Introduction: Garage Organization Cabinet
I bet your garage workshop is messier than you would like it to be! The feeling you get when most of the time is spent looking for the wrench you just had a minute ago rather than building something is no stranger to me either. This why building a simple garage cabinet is such a good idea!
If I am more of a sawdust and woodchips kind of guy then my father and brother are all about oily fingers and the smell of petrol. To each his own! Since the garage part of our workshop was in a constant mess I decided to build them a simple cabinet to organize the tools a bit better. This is the result.
A big wall mounted cabinet with more than 7 m2 of wall space for attaching all the tools. Built from film plywood and basic hardware.
Step 1: What You Need
This is quite an easy project thus suitable for beginners.
For materials you will need:
- Plywood - I recommend 18 or 21 mm thick because it has adequate wall thickness for attaching holders and whatnot while still staying somewhat light. My second recommendation would be to use film plywood. You do not really need to finish it since it already has a protective layer on top and to top it off it looks kind of badass. In total, I used 3 (1250X2500 mm) sheets of plywood.
- Wood screws (4.5x50)
- Bolts and nuts for attaching the hinges
- Hinges if you plan on adding doors. I used 4 strong hinges per door.
- Door knobs and stops
Tools that you will need are
- Cordless drill with bits
- Circular saw
- Measuring and marking tools
- Straight edge
The total cost of our project was around 150-200€. This was before the pandemic - material prices are currently through the roof.
I have also added a photo of how it looked before I built the cabinet.
Step 2: Assemble the Box
First off, I built the box. The way I did it was to first attach the top and bottom to the back and then add the sides. When buying the plywood I did have the company cut it to size. One sheet was ripped to four 30 cm wide pieces and the other was ripped in half. Third (the back) was left as is. The only thing I had to do was to make the crosscuts.
I did predrill before adding the screws but I did not add any glue. If you want to add some it would have to be construction adhesive or something like that. PVA glue does not work on film plywood. To still make it strong I did not hold back with the screws adding one every 15 cm (6 inches) or so.
A must is to check the diagonals to make sure the box is nice and square. Otherwise, you will have problems installing the doors.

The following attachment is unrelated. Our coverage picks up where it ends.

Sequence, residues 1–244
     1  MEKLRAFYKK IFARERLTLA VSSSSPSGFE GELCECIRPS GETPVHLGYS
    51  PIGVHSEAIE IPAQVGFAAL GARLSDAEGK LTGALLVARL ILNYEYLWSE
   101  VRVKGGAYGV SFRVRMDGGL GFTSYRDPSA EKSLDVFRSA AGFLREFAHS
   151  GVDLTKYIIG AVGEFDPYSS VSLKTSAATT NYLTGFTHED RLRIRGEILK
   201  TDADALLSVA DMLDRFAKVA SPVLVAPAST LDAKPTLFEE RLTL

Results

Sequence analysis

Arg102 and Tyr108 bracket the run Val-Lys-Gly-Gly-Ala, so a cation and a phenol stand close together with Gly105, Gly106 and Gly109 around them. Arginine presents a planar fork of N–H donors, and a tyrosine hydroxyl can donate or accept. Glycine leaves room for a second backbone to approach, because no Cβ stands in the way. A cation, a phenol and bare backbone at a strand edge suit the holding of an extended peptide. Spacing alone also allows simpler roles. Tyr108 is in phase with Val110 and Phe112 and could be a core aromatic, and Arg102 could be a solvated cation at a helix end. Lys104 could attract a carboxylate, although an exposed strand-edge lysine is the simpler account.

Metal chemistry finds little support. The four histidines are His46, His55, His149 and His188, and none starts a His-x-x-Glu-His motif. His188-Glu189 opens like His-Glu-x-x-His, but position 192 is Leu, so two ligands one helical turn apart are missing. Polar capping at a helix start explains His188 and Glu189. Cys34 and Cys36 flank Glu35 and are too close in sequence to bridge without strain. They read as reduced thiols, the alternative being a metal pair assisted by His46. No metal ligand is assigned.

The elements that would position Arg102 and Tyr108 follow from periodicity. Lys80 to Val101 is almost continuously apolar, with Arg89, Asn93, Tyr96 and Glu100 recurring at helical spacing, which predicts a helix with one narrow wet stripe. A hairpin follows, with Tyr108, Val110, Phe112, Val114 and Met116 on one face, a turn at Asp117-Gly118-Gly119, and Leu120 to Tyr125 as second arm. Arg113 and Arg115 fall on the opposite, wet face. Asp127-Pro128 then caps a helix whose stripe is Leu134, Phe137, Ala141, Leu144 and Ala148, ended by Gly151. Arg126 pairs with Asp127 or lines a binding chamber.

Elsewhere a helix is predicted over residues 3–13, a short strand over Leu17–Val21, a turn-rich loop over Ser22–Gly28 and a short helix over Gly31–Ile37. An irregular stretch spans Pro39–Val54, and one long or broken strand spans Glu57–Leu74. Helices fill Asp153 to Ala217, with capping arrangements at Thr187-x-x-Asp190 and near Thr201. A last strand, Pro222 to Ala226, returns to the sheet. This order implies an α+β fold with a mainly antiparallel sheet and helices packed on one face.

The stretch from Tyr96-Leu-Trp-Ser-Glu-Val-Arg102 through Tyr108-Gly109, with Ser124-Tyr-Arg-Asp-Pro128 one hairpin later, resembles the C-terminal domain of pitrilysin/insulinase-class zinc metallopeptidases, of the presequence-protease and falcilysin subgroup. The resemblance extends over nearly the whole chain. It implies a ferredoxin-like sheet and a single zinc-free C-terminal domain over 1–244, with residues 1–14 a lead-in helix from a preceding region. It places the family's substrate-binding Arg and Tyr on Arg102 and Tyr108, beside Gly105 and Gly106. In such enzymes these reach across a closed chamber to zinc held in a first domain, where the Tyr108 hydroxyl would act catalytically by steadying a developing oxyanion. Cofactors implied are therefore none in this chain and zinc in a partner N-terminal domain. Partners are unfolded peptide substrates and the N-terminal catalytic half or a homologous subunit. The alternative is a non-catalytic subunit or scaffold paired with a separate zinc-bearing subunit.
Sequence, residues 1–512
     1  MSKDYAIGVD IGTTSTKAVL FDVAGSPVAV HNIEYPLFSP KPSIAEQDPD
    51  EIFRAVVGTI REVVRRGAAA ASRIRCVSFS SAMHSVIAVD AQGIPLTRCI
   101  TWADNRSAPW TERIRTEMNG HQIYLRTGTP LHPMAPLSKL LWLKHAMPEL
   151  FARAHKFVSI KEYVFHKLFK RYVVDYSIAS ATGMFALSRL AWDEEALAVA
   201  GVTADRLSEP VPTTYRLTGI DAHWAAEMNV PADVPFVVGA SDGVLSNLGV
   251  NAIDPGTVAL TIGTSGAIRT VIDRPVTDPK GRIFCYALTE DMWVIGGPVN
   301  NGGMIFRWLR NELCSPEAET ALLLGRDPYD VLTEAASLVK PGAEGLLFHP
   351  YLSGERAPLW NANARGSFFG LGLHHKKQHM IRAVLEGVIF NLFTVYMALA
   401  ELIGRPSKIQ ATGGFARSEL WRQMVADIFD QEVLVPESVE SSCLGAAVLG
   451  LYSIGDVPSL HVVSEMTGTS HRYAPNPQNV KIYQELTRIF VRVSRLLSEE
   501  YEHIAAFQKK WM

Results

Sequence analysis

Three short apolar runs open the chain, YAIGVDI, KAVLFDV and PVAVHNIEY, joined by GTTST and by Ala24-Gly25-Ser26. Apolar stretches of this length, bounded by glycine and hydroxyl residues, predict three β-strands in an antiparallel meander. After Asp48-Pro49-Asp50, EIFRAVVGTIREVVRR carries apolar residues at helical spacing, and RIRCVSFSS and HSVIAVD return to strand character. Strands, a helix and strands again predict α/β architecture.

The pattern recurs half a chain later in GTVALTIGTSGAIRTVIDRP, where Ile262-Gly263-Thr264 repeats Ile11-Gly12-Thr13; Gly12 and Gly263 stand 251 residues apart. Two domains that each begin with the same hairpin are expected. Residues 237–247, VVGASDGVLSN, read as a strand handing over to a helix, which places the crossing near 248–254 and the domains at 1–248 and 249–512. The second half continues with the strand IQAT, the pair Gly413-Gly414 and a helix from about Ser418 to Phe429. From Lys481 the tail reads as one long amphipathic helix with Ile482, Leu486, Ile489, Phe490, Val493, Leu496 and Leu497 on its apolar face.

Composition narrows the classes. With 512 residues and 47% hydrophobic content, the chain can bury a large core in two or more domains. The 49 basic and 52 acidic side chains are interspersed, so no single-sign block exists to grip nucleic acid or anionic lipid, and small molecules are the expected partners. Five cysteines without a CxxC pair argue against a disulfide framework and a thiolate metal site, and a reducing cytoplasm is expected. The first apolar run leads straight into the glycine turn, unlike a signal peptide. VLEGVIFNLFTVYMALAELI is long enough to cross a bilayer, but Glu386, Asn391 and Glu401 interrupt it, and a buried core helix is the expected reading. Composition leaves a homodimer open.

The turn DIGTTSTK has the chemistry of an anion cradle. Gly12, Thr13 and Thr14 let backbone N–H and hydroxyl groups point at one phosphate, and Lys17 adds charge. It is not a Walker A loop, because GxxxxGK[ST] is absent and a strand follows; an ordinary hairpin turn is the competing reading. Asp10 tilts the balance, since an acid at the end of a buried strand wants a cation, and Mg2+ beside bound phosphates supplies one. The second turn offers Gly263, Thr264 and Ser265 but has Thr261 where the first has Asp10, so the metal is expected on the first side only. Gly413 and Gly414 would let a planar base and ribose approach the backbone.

Step 3: Add the Doors
Next up, the doors. The gap around such a large door should be around 5mm. The gap between the doors is approximately the same. As I said before the plywood supplier had already ripped the sheet in two but I still had to trim it slightly to make it work. To hold a door up while attaching the hinges I made spacer blocks. Having thin strips all around the door helps to align the doors evenly from every edge.
I did add the hinges with screws at first but later changed them out to furniture bolts. This really stiffened them up. Having four cordless drills really helped the workflow. :D
Step 4: Add the Shelves
As I had some plywood left over I also decided to add 3 shelves. This took away some of the wall surface area but I did not bother me too much as there was still plenty of it left. As the cabinet would be installed so high up I there was no way to reach tools easily anyway from that location. There it made sense to store tools that do not get so much use. Once again, spacer blocks made sure everything would be straight and parallel. The shelves were screwed from the sides and the back.
Step 5: Install
This is probably the trickiest part. If you build a cabinet as large as I did it you probably need many people to help you install it. I built my cabinet to fit exactly inside the cavity in the wall. Together with my father we barely managed to lift it up there.
We made sure everything was plum and then fixed it in place with screws.
Doorknobs and magnetic latches were installed as well.
Step 6: Making and Installing the Holders
This is the fun part. Well, you will also probably realise that you actually don't have as many tools as you thought.
Some tools require you to make a custom holder. I built a holder for screwdrivers and njuton wrench. These were made from scraps of plywood. The rest was just much easier to buy a ready-made holder - like for wrenches and sockets. Stuff like this cost maybe a couple of euros a piece but it saves you a ton of time. Different hooks, magnetic holders and universal holders come in real handy as well.
My father did eventually install a LED light strip on the inside as well. It gave the cabinet a really cool look!
Step 7: The End
I hope this article has given you some ideas or has motivated you to organize your workshop as well. I can assure you the workflow is much smoother when you actually find the tools you need.
My father did also build another cabinet that you can see on the left. We have material for a third one as well. ;)
I would love to hear your thoughts!
Runner Up in the